TUESDAY, SEPTEMBER 08, 2009|
The opposite of the jarring polar bear on it's cover, Invisible Republic is full of smooth, easy electric pop that warms the ears by shimmering with hints of grandeur. Former Stars members Stephen Ramsay and Catherine McCandless continue to use their previous gig as a jumping point to songwriting with a refracted result; the strings take a backseat to empty space, and the low end is turned way up. Young Galaxy works bottom to top, so much so that once you've reached the airy vocals, you're already in space instead of just looking at it.
Young Galaxy has reinvented itself literally and figuratively, leaving dynasty label Arts & Crafts and losing/gaining members. Republic finds the group exploring new plays on rhythm and space, trekking farther from the neatly packaged pop of Stars. While their previous record garnered comparisons to the flagship of A&C (Broken Social Scene), the newly emancipated Galaxy is free to stand alone as a pop act; an unfortunate task for a band surrounded by Canada's juggernauts of indie. Young Galaxy doesn't reinvent the wheel, but they manage to make it turn pretty fast, for an enjoyable post-synth ride.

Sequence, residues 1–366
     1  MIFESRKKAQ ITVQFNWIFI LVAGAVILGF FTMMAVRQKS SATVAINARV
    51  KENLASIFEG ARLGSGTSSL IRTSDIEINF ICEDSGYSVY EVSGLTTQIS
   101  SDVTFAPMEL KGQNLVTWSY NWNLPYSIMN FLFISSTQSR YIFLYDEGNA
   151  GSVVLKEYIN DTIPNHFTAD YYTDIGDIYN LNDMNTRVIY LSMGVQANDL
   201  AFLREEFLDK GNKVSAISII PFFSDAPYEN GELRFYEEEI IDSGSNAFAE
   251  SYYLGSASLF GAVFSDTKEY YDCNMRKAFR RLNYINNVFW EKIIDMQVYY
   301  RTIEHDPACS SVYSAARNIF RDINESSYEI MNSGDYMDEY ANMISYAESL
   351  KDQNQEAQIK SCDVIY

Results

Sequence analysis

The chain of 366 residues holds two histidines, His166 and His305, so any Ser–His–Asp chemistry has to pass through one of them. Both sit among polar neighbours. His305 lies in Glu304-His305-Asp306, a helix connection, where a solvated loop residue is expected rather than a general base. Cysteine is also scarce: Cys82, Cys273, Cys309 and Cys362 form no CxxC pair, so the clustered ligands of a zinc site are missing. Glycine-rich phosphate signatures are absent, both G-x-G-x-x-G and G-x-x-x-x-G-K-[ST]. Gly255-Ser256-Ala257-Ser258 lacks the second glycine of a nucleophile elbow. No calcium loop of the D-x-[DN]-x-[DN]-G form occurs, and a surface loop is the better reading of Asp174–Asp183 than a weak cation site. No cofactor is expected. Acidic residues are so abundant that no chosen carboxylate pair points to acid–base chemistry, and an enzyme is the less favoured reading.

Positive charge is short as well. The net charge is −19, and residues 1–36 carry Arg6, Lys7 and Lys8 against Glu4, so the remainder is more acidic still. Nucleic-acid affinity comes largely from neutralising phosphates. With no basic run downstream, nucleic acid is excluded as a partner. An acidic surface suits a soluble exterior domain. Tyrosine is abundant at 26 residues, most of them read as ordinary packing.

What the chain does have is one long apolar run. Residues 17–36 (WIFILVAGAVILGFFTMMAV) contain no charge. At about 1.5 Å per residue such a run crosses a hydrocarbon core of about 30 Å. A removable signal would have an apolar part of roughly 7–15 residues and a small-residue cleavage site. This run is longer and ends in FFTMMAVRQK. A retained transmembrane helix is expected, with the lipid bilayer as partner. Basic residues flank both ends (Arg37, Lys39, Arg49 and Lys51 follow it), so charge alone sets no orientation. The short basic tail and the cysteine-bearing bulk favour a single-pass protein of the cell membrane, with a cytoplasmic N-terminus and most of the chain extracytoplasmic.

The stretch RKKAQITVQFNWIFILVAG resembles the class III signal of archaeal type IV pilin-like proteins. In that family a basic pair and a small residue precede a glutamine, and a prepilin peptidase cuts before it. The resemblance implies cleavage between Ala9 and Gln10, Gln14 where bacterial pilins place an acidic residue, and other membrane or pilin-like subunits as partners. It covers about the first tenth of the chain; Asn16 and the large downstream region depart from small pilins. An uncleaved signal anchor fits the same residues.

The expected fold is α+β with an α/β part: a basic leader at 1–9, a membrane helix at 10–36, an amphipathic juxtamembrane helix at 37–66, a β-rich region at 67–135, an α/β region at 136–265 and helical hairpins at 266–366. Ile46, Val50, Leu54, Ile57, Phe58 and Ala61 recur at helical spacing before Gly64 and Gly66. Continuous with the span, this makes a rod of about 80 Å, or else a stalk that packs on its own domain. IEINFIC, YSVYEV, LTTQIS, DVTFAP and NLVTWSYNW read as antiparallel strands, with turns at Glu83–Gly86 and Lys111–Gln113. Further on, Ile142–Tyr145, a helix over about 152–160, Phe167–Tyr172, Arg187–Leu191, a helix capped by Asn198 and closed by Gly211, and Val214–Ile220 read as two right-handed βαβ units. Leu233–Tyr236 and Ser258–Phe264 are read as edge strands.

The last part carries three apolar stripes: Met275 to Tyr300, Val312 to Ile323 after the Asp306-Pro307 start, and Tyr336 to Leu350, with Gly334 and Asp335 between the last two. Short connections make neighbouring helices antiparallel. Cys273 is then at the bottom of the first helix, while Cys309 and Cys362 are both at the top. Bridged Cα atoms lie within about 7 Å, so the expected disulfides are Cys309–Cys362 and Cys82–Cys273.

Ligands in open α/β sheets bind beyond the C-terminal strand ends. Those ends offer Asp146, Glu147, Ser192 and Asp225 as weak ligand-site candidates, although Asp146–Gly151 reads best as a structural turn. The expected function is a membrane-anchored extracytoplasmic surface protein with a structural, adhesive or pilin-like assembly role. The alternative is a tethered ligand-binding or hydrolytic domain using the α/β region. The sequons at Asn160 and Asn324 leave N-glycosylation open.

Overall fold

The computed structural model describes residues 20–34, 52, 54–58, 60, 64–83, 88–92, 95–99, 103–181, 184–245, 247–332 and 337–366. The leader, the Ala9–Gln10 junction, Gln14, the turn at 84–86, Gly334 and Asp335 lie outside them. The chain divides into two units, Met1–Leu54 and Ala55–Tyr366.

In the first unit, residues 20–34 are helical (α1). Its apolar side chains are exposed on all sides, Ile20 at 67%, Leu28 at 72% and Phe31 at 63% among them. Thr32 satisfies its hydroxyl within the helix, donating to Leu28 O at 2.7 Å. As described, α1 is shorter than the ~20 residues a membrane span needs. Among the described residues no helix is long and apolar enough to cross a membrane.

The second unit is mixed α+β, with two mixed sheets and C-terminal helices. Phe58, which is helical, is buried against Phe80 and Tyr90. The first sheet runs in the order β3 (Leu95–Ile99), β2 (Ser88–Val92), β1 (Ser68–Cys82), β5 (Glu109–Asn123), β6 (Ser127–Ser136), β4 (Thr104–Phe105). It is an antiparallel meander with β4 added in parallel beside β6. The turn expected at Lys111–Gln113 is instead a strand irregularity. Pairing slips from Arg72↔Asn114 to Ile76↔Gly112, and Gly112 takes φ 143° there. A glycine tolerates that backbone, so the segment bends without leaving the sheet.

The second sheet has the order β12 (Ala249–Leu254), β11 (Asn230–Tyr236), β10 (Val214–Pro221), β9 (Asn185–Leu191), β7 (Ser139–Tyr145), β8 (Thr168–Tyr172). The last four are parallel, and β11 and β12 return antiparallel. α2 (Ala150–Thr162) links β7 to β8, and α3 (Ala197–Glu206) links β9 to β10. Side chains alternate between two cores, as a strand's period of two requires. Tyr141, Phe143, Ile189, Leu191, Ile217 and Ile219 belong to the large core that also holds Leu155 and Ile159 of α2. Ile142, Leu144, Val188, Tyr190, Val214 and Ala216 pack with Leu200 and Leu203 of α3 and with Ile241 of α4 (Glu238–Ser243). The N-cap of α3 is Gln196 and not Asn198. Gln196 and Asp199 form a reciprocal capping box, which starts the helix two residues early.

Songs like "Dreams" seem conceived as reminders more than progress. The shoegaze is imitative more than innovative, but no one is saying otherwise; Young Galaxy is a retrospective sound with a edge for oddities. "Queen Drum" takes typical progressions and makes them sound slightly off. "Destroyer" takes the grandoise Arcade Fire "Wake Up" drum thing and turns it into a subdued love song (albeit a charged one). "Pathos" comes almost totally out of left field to take a vaguely Young Galaxy sounding melody and overlay horns and acoustic guitar in lieu of open sounding guitars and fat bass. When the simple trio opens up into choral mascerations, pretty and numbing, Galaxy hits their stride. The group enthralls by just missing the mark of perfection.
The only shortcoming is the achievement they often wring out of their songs, the expected and the satisfying structures are often the ones listeners no longer find compelling. That is why I like "Pathos" best, because it takes an angle of expectancy and twists it into something short and cohesive as well as unexpected. When it fades back into "Light Years," lost again in the sound, unable to focus, we feel the same way. Young Galaxy knows how to construct simple air-pop and let the bass line be the most discernible element. But the group is at it's best when it constructs massively uncomfortable layers and let's things get a bit out of control. Hopefully, in the future, Young Galaxy will explode and expand their boundaries. -joe puglisi